Google Doodle hornors Vietnam’s Cai Luong (reformed theater)
|Google Doodle celebrates Vietnam's National Day (September 2)|
|How International Children's Day is celebrated in Vietnam|
|Google Doodle celebrates International Children’s Day 2020|
|Google Doodles changes its homepage background to this image today (Photo: Captured)|
Changing the homepage background with vivid images illustrating special occasions around the year has become a Google Doodle’s norm, and the Vietnam Stage Day is not an outlier.
The newly-changed Google’s cover features a duo singing reformed theater on the state while 7 other artists playing musical instruments such as the gourd, flute, etc., on both sides of the stage.
Reformed theater has long been a fascinated conventional art form to both Vietnamese and foreign audiences. Given the sprouting of contemporary arts and global integration, traditional arts are kind of fading nowadays, especially among youngsters.
Google Doodle’s today honoring towards Vietnamese traditional art and culture proves the enduring values of conventional art forms, including reformed theater. No matter how modern life becomes, traditional values will be forever respected, preserved, and promoted.
The doodle is reportedly one of the activities in the cooperation series between Google and Vietnam’s cultural agencies, aiming at honoring and promoting the unique cultural and artistic values of Vietnam through Google Doodle icons.
|A still from “Tiếng Trống Mê Linh", a reformed theater episode (Photo: Captured)|
According to Doodles Archive, reformed theater (known as cải lương in Vietnamese) is style of modern South Vietnamese folk opera. A blend of traditional and contemporary influences, reformed theater combines opera with spoken drama to create a vibrant expression of Vietnamese culture and identity.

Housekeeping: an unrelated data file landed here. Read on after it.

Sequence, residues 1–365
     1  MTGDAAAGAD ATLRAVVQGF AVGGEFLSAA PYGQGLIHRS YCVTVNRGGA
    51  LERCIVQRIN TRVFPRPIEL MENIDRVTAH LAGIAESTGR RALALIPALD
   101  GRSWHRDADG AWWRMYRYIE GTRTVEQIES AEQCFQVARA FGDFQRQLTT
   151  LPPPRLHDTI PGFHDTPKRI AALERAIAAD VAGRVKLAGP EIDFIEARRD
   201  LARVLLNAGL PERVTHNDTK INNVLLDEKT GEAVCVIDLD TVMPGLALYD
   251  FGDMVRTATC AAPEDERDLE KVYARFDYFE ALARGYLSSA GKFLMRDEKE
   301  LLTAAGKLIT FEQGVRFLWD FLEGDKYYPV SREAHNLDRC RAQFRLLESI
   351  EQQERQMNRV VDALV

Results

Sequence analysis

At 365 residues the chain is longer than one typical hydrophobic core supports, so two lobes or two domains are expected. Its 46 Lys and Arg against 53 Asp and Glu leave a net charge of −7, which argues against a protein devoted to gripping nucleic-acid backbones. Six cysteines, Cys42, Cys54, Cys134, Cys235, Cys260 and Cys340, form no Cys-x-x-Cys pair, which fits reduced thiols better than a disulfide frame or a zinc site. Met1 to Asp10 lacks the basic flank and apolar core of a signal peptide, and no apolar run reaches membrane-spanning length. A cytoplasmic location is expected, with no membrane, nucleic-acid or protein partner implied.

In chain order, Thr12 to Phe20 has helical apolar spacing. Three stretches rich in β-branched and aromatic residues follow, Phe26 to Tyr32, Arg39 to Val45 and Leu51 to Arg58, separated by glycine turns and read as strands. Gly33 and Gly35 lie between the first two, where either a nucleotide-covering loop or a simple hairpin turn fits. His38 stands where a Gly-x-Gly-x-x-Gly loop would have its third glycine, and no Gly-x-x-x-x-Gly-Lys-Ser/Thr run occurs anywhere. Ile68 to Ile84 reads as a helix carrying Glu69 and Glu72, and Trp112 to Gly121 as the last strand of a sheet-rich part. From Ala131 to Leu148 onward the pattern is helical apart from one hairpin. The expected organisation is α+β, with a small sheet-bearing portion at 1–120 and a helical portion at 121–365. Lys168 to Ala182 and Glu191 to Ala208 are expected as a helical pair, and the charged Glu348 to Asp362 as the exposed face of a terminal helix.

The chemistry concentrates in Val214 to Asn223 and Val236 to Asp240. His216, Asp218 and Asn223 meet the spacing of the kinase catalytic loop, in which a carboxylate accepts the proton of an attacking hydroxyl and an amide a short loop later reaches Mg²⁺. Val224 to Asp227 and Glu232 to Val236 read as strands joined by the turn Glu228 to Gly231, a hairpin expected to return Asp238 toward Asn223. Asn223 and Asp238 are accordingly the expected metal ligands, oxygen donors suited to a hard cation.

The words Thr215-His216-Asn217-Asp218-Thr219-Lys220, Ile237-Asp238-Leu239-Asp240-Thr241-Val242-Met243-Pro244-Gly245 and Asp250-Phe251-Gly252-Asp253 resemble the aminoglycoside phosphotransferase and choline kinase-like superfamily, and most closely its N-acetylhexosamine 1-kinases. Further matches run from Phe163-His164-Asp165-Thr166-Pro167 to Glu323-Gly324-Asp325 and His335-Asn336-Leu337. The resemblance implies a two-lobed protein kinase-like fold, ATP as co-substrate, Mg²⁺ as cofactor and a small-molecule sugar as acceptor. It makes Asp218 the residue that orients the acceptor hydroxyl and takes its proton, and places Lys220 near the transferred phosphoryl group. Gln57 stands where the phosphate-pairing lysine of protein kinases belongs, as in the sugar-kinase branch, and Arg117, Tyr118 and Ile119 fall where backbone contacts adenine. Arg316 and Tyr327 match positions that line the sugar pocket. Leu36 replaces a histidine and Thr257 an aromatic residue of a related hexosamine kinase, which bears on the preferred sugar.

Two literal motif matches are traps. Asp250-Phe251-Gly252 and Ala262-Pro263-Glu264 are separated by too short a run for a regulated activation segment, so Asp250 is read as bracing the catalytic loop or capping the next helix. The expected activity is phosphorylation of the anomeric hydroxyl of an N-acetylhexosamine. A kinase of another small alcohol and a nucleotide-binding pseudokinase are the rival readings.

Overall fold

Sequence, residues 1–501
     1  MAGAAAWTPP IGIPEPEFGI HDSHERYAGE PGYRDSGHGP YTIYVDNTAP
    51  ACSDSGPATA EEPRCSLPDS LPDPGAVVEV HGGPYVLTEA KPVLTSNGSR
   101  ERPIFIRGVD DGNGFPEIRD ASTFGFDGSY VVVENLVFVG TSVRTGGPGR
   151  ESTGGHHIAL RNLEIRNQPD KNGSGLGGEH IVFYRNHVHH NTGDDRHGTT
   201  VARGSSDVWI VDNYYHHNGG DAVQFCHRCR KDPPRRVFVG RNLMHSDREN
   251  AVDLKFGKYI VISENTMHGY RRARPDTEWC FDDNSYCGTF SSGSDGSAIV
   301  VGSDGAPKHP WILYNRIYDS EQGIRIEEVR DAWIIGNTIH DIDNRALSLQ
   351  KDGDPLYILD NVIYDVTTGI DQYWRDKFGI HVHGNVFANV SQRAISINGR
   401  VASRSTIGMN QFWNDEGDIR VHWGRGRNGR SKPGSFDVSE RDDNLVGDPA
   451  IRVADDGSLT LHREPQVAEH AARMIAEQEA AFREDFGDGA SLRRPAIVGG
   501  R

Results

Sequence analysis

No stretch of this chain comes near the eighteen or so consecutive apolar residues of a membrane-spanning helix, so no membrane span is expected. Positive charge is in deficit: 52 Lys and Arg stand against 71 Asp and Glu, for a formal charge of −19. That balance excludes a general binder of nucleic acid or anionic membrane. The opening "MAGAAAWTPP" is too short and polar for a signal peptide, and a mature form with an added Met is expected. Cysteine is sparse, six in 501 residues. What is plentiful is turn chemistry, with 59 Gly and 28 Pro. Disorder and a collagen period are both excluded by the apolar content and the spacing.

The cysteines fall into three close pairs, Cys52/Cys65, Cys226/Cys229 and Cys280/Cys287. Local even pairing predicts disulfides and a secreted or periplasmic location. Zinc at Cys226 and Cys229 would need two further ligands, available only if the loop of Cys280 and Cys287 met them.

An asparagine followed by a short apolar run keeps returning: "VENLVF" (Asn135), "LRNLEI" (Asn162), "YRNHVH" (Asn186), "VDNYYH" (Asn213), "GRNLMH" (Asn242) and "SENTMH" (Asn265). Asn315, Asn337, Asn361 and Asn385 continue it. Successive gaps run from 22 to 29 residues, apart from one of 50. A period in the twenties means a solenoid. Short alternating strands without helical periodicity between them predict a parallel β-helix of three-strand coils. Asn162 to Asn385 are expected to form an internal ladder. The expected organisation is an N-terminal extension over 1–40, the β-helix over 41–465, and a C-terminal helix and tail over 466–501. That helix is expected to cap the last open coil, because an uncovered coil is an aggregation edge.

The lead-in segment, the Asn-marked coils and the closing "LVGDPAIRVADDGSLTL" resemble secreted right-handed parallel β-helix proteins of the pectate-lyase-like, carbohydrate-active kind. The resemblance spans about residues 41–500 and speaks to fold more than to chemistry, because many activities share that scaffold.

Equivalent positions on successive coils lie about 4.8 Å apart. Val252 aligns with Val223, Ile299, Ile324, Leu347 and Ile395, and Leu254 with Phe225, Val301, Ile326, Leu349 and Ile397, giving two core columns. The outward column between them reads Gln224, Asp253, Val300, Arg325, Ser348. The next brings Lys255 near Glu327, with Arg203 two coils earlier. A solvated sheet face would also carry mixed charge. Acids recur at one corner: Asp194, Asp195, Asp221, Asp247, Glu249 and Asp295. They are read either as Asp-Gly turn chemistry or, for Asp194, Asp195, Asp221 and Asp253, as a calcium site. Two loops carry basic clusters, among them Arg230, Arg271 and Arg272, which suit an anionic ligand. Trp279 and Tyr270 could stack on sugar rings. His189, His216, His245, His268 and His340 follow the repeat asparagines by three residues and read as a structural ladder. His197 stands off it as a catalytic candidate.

A form evolved from the traditional Vietnamese opera called hát bội in the Mekong Delta of southern Vietnam at the turn of the 20th century. Accompanied by an orchestra containing traditional Vietnamese instruments like six-string zither, reformed theater brings to life a wide range of stories, from ancient legends of monarchs and warriors to explorations of modern Vietnamese social themes.
One of the most iconic reformed theater productions is “Tiếng Trống Mê Linh,” which translates roughly to “The Drum Sound of Mê Linh.” The historical play tells the true story of Trưng Trắc and Trưng Nhị, two sisters who helped lead the fight for Vietnamese independence from the Chinese Han Dynasty in the 1st century. A classic of the art form, “Tiếng Trống Mê Linh” has been staged by many of Vietnam’s top cải lương performers since it first debuted in 1977.
Over a century after its birth, reformed theater is still enjoyed today as one of the uniquely Vietnamese artforms and a vital link to the country’s history.
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